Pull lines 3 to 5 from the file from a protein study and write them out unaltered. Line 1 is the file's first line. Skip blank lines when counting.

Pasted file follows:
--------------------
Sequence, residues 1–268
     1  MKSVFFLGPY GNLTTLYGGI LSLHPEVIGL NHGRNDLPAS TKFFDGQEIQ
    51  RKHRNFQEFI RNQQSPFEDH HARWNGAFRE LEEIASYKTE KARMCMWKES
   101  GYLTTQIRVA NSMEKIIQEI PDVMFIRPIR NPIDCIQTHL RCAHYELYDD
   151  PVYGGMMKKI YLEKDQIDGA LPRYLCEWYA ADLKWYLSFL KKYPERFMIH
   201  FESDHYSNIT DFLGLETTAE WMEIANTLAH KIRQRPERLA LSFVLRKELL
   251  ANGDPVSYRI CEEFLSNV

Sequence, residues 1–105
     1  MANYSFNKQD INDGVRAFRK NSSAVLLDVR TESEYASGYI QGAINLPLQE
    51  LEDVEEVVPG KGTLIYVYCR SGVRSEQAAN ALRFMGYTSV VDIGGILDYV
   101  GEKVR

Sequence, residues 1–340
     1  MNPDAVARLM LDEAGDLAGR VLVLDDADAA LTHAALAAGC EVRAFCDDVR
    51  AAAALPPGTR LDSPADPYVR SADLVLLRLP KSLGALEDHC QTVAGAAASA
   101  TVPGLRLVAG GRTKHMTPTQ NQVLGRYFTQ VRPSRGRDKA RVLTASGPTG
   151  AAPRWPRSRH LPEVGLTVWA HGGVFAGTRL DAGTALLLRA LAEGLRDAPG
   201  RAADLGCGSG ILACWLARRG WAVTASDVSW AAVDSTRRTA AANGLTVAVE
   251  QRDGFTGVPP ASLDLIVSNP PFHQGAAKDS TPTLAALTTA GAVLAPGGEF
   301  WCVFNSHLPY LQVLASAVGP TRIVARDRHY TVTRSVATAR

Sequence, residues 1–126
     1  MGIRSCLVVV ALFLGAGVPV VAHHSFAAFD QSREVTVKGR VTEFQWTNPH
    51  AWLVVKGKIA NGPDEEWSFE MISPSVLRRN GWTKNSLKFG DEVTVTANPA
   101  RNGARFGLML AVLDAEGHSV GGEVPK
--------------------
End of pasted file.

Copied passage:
    51  RKHRNFQEFI RNQQSPFEDH HARWNGAFRE LEEIASYKTE KARMCMWKES
   101  GYLTTQIRVA NSMEKIIQEI PDVMFIRPIR NPIDCIQTHL RCAHYELYDD
   151  PVYGGMMKKI YLEKDQIDGA LPRYLCEWYA ADLKWYLSFL KKYPERFMIH